E-tutor of the year 2002: Stars pull out all the stops for screen test

September 6, 2002

Entries to the E-tutor of the Year 2002 competition indicate old universities are catching up with newer institutions in the take-up of e-learning, according to the panel of five judges, writes Pat Leon.

Of the 38 entrants, 16 were from old universities, 14 from new, four from colleges or institutes, two from abroad, one from a distance-learning university and one from a commercial firm. It is the second year of the competition. Last year, there were more entries from new universities than from old.

The winner of the £1,000 prize and two runners-up will be announced at the Association for Learning Technology's annual conference at Sunderland University on Tuesday. The competition is organised by the Learning and Teaching Support Network's Generic Centre and sponsored by The THES .

Judge Kathy Wiles, senior adviser to the LTSN generic centre, said: "We were amazed by the scope and range of uses of virtual learning environments. It is good to see that lecturers are not sitting on their laurels and saying 'been there, done that'."

The 21 male and 17 female entrants represented a broad spectrum of academia, from traditional lecturers, librarians and teaching assistants to teams working in central e-learning units.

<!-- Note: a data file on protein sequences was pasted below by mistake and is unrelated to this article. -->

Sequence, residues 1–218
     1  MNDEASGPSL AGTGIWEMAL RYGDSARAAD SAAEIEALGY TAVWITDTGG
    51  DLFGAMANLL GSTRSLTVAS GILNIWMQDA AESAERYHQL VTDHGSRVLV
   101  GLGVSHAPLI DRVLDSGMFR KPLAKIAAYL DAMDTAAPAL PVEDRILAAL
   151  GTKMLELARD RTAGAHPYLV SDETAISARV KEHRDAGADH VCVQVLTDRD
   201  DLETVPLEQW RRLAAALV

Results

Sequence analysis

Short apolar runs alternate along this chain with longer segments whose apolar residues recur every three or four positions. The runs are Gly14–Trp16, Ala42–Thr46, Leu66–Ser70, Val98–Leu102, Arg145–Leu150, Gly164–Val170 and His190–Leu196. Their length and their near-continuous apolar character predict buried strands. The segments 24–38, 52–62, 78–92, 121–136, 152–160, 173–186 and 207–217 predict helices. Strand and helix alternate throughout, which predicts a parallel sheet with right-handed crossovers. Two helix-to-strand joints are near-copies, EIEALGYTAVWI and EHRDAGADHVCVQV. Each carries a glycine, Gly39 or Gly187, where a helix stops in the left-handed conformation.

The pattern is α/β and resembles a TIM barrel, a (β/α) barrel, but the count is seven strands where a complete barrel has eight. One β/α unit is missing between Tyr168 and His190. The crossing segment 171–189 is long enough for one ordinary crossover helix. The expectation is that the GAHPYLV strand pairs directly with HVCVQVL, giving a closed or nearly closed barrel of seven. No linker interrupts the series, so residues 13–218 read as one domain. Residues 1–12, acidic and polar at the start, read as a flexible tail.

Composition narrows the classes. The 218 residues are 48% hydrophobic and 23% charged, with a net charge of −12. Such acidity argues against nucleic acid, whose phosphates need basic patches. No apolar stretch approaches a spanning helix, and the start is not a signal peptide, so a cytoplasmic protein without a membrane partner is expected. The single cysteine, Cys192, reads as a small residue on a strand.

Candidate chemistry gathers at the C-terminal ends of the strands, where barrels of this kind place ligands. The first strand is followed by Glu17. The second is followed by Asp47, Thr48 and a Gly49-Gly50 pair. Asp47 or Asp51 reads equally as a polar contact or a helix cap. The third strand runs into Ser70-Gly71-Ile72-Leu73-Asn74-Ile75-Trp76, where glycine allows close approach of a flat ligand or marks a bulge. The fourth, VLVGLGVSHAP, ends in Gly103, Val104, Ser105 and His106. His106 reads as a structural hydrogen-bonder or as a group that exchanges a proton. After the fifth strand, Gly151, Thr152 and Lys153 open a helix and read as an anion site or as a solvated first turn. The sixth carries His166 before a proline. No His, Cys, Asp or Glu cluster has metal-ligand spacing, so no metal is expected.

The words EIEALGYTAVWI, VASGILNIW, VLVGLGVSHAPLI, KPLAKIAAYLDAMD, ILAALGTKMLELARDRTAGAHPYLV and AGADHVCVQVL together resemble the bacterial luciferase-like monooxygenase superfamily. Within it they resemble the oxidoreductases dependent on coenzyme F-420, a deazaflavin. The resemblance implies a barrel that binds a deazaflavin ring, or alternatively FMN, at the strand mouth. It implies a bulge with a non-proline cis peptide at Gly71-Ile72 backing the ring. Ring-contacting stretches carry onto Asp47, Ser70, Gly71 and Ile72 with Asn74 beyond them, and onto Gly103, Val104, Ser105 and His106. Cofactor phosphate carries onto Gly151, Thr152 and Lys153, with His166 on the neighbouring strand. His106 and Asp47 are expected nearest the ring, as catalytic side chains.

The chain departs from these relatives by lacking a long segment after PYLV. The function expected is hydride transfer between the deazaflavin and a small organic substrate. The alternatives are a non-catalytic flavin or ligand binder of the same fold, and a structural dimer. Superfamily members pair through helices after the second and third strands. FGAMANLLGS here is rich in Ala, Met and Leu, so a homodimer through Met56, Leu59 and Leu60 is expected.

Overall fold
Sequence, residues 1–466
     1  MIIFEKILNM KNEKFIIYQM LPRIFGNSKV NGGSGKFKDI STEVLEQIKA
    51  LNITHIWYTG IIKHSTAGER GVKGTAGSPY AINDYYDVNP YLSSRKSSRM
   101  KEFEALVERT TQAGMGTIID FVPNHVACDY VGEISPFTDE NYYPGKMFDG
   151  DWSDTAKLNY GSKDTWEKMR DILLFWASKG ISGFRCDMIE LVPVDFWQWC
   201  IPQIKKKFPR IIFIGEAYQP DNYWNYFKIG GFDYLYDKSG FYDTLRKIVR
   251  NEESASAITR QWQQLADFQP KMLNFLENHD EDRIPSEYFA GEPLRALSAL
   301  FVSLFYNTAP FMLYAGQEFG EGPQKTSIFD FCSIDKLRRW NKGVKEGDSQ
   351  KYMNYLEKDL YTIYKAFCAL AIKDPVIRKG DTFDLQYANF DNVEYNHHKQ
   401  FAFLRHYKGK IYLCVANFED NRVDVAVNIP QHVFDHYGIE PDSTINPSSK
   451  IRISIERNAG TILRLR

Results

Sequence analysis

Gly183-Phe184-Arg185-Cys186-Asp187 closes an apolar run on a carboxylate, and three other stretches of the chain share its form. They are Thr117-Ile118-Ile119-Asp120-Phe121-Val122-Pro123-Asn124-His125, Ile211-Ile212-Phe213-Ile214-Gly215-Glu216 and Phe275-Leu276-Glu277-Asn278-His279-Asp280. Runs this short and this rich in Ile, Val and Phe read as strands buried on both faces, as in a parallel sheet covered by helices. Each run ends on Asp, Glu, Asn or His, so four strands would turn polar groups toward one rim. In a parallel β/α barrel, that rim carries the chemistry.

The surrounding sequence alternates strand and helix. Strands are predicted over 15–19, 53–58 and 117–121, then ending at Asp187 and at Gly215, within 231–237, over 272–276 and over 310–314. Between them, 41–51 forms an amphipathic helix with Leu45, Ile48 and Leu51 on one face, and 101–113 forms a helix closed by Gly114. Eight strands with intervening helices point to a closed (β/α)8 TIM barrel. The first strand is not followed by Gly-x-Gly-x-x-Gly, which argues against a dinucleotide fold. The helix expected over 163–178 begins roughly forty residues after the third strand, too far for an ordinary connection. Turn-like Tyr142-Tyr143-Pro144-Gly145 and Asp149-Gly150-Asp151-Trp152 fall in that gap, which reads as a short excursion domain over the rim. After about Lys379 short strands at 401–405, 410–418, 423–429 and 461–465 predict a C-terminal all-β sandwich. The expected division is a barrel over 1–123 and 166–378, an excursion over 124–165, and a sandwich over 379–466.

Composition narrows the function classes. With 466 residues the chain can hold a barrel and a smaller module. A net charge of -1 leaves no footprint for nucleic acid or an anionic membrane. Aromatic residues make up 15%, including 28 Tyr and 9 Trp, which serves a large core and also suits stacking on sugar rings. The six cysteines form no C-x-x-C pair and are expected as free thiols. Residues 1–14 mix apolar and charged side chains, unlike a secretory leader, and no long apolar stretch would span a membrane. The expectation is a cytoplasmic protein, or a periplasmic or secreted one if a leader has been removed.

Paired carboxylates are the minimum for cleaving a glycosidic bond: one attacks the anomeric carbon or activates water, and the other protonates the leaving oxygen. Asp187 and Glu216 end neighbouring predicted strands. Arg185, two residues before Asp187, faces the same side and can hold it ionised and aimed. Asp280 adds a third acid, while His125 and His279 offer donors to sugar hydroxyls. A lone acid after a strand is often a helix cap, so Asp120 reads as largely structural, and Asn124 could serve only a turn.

Ms Wiles believes the UK is at the leading edge of what can be done in terms of e-learning in higher education. She said: "The UK should be proud. It might not have implemented it on the scale of the US or Australia, but in terms of usage, innovation and thinking about students and putting them at the centre, the UK is the frontrunner."

For judges, it was not the product or technology that mattered but how people were using e-learning to communicate, learn from one another, access the internet, find materials and bring them back into discussion and work.

Judge Laurie Phipps, service manager of Techdisc, which helps universities and colleges use technology for students with disabilities and learning difficulties, said: "What was outstanding this year compared with last was the way tutors were taking off-the-shelf products, such as WebCT and Blackboard, and using them creatively. No one was reinventing the wheel but rather building on what has been done before."

Ted Smith, head of the Technologies Centre, a service funded by the Joint Information Systems Committee, said: "Most of the entries showed a good use of virtual-learning environments, but we were looking for something different, not just in the VLEs themselves but in their applications and the fun way they are being used in traditional subjects."

One of the more unusual entries was a virtual art studio/ gallery for students at Nottingham Trent School of Art and Design.

Frank Abbot, senior lecturer in fine art, wanted to capture online that sense of the studio as a working space and forum for creative ideas.

He commissioned the university's IT Development Group to design a virtual/studio gallery, an online portal to the college and the work going on there. Rather than using off-the-shelf software, the IT group designed their own based on Microsoft Exchange 2000.